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Transcript of a speech by Sir James Bevan KCMG, UK High Commissioner to India at a journalists' meet in Delhi, Thursday 11 December 2014.
Distinguished guests, friends and colleagues
Welcome to this, our annual lunch for our friends in the media. Journalists and diplomats tend to be a bit suspicious of each other. If you are a new UK Ambassador preparing to go abroad, you have to do a Foreign Office course on handling the media, and the first thing they teach you is that there is no such thing as off the record.
But I think we diplomats and you journalists are wrong to suspect each other. In fact, I think we should respect each other, because we both do important jobs that help make the world a better place, and because we actually have quite a lot in common.
We are both:
- interested in the world around us
- skilled at making contacts and finding things out
- used to turning complex things into simple language
- good at sifting fact from fiction. Neither diplomats nor journalists believe everything we hear.
We are both noble professions. Diplomacy is a better way of solving differences than war. And good journalism is what keeps societies free and governments honest. As Katherine Graham, the former publisher of the Washington Post, used to say:
News is what someone wants suppressed. Everything else is advertising.
We are both committed to speaking the truth. Diplomats have to tell it to their own governments, even when they don’t want to hear it. Journalists have to tell it to their readers, and have a duty to spell out the bad news as well as the good without fear or favour. In fact bad news in the media, especially about the government of the day, is a good thing, because it is a clear sign that we live in a healthy democracy. Countries with newspapers that are filled with good news tend to have jails that are filled with good people.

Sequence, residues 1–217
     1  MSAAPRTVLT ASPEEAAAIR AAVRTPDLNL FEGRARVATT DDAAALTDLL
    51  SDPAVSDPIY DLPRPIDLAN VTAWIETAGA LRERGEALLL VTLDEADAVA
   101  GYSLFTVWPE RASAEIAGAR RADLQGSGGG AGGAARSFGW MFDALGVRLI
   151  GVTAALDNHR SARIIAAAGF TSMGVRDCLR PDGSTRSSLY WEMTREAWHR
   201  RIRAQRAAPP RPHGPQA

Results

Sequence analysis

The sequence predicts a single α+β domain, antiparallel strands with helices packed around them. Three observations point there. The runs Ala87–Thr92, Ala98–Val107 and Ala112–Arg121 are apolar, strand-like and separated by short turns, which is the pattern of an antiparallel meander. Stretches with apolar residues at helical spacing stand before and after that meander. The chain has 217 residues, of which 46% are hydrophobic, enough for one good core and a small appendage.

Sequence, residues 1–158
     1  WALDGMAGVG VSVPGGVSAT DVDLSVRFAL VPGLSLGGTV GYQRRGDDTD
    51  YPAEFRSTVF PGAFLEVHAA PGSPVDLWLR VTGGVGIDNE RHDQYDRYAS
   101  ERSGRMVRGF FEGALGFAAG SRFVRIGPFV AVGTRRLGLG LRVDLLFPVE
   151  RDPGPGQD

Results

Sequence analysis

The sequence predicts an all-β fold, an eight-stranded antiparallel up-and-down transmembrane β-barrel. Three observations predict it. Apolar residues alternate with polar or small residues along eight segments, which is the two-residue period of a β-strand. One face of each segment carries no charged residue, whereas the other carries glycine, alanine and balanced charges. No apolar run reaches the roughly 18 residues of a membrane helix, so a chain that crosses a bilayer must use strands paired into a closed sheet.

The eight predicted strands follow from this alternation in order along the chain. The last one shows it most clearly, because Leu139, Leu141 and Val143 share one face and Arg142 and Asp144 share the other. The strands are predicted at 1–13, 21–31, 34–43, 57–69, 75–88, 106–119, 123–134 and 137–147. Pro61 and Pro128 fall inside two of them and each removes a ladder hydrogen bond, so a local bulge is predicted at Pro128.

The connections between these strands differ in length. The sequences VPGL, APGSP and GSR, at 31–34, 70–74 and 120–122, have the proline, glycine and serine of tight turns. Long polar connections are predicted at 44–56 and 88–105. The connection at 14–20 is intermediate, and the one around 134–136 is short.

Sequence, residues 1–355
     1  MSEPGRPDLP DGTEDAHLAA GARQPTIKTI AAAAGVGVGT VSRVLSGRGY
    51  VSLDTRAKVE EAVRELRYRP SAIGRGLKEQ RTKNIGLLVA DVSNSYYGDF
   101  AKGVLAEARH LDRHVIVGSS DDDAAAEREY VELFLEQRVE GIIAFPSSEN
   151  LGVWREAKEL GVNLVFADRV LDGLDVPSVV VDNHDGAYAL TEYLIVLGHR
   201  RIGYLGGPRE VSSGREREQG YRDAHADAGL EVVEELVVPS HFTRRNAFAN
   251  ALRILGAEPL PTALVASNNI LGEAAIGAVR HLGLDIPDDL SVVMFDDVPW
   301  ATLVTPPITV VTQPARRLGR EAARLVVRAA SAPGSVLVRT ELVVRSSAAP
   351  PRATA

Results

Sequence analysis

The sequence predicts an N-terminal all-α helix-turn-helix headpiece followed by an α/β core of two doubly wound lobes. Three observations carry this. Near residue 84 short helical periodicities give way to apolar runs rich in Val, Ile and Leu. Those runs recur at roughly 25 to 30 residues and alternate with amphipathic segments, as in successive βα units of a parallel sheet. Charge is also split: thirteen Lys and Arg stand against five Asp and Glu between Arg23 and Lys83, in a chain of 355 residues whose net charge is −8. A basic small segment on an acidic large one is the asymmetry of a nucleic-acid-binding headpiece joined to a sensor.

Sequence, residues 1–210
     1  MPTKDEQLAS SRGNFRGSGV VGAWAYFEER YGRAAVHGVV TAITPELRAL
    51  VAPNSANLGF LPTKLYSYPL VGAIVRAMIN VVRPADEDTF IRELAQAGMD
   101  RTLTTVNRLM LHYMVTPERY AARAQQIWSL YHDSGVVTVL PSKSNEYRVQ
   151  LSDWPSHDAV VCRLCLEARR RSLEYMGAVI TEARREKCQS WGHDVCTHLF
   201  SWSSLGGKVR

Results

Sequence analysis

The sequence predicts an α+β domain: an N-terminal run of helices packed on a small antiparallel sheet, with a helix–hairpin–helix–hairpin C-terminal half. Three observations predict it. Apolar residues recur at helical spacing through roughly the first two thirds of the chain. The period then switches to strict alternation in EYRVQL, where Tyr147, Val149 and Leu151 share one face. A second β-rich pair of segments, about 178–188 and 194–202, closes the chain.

We run similar risks in our two professions as well. Some of those risks are very real: many journalists – including over 100 so far in 2014 - die every year covering events in dangerous places, and some diplomats too: last month two members of the British Embassy in Kabul were killed by terrorists.
Some of the risks we run are psychological: it’s good to be suspicious of what people in authority tell you, and journalists and diplomats are. But you need to avoid that suspicion tipping over into paranoia: many politicians and civil servants are good people, who want to make the world a better place, tell the truth and try to do the right thing in difficult circumstances.
Our two professions have similar rules. The first rule of journalism is: get out of the building. That is or should be the first rule of diplomacy.
Unless you get out of your Embassy and outside the diplomatic bubble, you won’t know what is really happening in the real world. That’s why I have visited every one of India’s 29 states, and get out into rural India as often as I visit its thriving cities.
We both like things to be tidy. Mark Twain said:
In the real world, the right thing never happens in the right place and the right time. It is the job of journalists and historians to make it appear that it has.
And we both understand that the first requirement of our jobs is for people to pay attention to what we are saying. Arthur Brisbane, one of America’s most influential editors, once said:
If you don’t hit a newspaper reader between the eyes with your first sentence, there is no need to write a second one.
All that said, we differ perhaps in a few ways. Your job as journalists is to communicate as clearly as possible in your chosen language. It is said that a diplomat is someone who can successfully make himself misunderstood in several languages.
And we diplomats sometimes have to behave a bit differently from you journalists, or at least have to pretend that we do. There are things which you can do and say which we diplomats cannot, lest we provide you with copy that is good for you but bad for us.
Some of you have said that my Twitter account @HCJamesBevan is a little bit boring. There’s a reason for that: I like my job and I want to keep it. For a diplomat, being too interesting on Twitter is the quickest way to get sacked. I like India and I want to stay here.
So let me close by saying thank you to all of you for your work and for your comradeship over the last year. I look forward to seeing you all again here next year - providing that I avoid doing anything very stupid over the next 12 months. In the meantime I encourage you to keep on asking difficult questions and to keep on giving people like me a hard time – but perhaps not right now and right here.